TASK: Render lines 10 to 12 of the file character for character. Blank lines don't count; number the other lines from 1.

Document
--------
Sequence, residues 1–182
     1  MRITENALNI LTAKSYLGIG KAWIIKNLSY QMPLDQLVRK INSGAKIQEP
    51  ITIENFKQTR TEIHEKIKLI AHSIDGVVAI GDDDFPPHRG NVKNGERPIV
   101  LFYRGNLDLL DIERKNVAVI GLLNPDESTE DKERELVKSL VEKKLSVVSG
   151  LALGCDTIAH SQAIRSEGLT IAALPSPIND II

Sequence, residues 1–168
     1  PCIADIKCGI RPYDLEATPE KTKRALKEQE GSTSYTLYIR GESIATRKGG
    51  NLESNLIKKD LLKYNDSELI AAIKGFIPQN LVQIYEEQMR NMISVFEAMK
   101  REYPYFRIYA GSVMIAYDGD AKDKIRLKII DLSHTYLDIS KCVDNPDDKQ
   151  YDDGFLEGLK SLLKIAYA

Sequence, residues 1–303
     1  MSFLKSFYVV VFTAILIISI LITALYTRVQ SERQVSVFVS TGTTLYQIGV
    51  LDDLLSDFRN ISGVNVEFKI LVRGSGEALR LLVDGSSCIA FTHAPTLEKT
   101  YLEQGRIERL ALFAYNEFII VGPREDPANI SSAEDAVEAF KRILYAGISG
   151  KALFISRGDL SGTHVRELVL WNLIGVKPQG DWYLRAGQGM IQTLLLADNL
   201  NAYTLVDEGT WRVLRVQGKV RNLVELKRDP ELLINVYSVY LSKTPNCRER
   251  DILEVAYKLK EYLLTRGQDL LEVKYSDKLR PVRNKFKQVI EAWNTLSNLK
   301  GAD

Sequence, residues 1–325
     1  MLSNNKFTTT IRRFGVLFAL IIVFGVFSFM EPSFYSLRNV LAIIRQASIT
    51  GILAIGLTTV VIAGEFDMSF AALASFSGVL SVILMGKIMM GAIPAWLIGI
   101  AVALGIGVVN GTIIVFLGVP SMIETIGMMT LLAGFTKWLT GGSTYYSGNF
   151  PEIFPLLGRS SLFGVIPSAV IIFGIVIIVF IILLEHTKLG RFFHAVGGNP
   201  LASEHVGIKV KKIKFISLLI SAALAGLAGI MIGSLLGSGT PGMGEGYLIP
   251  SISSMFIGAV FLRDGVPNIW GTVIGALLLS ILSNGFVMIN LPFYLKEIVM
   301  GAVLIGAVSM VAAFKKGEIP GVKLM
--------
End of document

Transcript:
   151  YDDGFLEGLK SLLKIAYA

Sequence, residues 1–303
     1  MSFLKSFYVV VFTAILIISI LITALYTRVQ SERQVSVFVS TGTTLYQIGV